There was so much to love about Disney animation’s early 2016 release, so much that it caught me somewhat off guard. Expertly navigating complex and timely concepts and metaphors with helpful doses of charming humor, it’s one of their best, and most relevant, creations. But how to best sell such a potentially challenging pill to swallow? Once again, simplicity is the key. As if taking a page from the HAIL, CAESAR! book, they structured an entire trailer around this one scene. The two almost strangely work together in the extreme lengths to which their jokes are played out, to the point where they just become transcendent. We’ve all experienced the seeming eternity of waiting at the DMV, so the reveal of the DMV employees in Zootopia being sloths is a very cute, if potentially obvious, nod to our frustrating ordeals. But its cuteness becomes ingenious as we slowly become aware of the maximum, but nevertheless lovable, ineptness of these creatures as they perform their mundane tasks. It truly touches greatness when, as an exasperated Judy Hopps’ (voiced by Ginnifer Goodwin) request to run a license plate number is nearing a painfully drawn out completion, sly Nick Wilde (voiced by Jason Bateman) chooses to delay the process even further by telling a joke. Once the punchline hits the ironically named Flash, the ever so gradual realization spreading across his face is one of the funniest moments on screen from the past year. It’s quite simply magical. (Watch the whole scene)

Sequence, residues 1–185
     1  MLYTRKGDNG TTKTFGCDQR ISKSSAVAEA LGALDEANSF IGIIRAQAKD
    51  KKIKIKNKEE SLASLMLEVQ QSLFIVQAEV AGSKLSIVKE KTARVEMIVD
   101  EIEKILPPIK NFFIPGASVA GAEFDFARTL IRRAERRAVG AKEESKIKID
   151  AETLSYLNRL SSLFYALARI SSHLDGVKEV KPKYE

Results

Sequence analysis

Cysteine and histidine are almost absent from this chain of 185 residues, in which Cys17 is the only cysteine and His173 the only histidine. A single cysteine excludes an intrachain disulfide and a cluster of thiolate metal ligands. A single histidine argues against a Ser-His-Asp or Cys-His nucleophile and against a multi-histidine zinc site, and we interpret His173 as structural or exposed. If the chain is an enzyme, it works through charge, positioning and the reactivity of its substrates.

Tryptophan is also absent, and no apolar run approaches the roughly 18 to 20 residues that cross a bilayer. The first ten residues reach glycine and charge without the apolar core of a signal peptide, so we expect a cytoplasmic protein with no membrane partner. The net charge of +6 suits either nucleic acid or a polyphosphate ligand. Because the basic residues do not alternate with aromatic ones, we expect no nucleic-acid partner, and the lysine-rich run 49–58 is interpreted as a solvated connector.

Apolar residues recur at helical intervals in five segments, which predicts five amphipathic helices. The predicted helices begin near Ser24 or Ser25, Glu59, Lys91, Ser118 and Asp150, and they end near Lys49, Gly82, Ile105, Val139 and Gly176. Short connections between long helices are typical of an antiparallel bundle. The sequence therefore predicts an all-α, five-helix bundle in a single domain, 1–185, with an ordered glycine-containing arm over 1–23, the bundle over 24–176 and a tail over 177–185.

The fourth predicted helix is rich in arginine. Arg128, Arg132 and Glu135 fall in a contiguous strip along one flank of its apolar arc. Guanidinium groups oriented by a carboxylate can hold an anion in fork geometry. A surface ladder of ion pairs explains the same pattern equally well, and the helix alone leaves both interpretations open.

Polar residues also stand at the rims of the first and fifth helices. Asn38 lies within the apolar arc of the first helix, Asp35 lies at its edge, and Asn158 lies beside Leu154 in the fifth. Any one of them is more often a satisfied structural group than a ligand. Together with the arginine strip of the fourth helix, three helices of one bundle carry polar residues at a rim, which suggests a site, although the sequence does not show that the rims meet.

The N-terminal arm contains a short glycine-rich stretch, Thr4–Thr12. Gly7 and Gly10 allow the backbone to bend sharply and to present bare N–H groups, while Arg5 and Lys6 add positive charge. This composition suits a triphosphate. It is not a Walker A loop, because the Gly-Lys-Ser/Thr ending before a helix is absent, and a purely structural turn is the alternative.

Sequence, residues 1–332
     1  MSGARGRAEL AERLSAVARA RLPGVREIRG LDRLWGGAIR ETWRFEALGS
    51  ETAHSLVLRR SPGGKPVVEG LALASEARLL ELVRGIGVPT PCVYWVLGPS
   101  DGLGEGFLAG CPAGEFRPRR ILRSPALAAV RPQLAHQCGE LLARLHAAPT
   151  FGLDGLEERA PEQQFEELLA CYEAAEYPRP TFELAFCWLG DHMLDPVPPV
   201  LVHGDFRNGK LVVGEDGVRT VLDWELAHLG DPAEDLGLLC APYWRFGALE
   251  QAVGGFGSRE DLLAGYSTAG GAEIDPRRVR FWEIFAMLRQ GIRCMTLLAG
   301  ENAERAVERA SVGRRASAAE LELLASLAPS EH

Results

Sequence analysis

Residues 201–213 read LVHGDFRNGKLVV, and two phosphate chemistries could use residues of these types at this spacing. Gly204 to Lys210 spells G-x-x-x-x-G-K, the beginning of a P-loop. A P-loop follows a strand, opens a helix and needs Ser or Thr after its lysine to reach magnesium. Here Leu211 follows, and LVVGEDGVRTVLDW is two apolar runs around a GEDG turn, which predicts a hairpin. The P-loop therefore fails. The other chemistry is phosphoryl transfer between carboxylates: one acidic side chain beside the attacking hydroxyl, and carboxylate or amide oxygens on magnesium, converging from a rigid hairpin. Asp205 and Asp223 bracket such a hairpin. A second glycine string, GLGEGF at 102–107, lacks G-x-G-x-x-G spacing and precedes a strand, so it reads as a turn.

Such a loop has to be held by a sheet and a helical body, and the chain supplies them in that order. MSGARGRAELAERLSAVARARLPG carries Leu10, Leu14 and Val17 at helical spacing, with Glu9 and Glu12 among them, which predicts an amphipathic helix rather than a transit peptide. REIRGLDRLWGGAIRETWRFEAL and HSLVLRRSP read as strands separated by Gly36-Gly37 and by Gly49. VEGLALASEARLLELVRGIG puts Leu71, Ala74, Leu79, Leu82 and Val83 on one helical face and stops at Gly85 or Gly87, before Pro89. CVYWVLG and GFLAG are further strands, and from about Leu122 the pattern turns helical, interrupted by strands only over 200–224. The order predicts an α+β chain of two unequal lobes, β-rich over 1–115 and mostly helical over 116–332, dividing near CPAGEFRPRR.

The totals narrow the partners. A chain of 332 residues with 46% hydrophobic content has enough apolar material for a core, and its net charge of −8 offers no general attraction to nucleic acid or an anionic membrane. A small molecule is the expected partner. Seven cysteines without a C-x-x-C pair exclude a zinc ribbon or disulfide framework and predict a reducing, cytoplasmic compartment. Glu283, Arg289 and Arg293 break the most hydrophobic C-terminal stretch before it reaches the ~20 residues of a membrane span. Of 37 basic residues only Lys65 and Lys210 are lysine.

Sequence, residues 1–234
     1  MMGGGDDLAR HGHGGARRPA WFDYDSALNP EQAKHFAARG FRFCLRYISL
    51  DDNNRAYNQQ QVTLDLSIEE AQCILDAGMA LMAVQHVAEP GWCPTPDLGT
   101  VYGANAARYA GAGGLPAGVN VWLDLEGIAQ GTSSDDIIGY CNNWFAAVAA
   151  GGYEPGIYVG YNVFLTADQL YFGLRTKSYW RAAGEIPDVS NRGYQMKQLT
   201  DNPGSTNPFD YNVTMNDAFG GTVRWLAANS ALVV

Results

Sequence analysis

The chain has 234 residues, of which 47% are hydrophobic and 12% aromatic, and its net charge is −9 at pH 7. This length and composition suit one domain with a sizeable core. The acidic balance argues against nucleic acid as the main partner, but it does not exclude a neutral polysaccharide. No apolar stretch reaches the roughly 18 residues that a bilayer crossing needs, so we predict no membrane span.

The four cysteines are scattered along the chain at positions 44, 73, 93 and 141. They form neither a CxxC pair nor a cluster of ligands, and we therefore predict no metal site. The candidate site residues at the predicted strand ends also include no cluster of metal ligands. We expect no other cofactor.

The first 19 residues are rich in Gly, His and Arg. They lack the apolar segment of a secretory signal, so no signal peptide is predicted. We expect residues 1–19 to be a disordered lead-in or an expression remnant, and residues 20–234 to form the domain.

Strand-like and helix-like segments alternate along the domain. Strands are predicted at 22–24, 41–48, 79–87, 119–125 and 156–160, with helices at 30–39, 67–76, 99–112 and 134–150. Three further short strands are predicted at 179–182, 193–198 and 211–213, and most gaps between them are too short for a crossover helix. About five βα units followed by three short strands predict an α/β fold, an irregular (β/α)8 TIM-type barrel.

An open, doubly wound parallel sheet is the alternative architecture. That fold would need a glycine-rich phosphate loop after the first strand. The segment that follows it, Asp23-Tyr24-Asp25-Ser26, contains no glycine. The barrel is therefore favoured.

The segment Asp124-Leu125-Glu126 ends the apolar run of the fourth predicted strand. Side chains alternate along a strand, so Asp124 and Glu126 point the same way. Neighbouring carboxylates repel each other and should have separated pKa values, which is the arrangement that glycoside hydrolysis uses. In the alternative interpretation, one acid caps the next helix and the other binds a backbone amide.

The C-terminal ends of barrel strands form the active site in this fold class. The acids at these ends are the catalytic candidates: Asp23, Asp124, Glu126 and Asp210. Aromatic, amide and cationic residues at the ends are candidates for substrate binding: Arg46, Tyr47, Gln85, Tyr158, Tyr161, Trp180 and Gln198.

Caleb’s Possession – THE VVITCH

There are countless terrifying, disturbing, and upsetting scenes in Robert Eggers’ nightmarish New England Folktale, it seems unfair to single out one as the most frightening. Yet the one that got under my skin the most when I first saw it is probably the most subdued, which works to its advantage. After having an encounter with a witch in the woods surrounding their farm, Caleb (Harvey Scrimshaw) is found outside in the rain, naked and hysterical. The following day, Caleb begins convulsing, twisting, but then eventually declares his love for Christ in an uncomfortable, almost sensual, way before dying. What makes it so hair-raising is that it feels so real. There is no desire to employ any kind of trickery to make it more horrifying. Eggers’ insistence on using only natural lighting pays off well in this particular moment, as the light streaming through the window above, captured beautifully by cinematographer Jarin Blaschke, creates wonderful contrasts and shadows while providing an overall mood alternately eerie and divine. And the performances are top notch all around, as we witness with them something we wish we weren’t seeing but simply can’t look away. A typical horror film device executed so plainly, yet vividly, ends up being the turning point of the narrative, as the family turns on oldest daughter Thomasin (Anya Taylor-Joy), leading them down a path of death and destruction. (Watch part of the scene)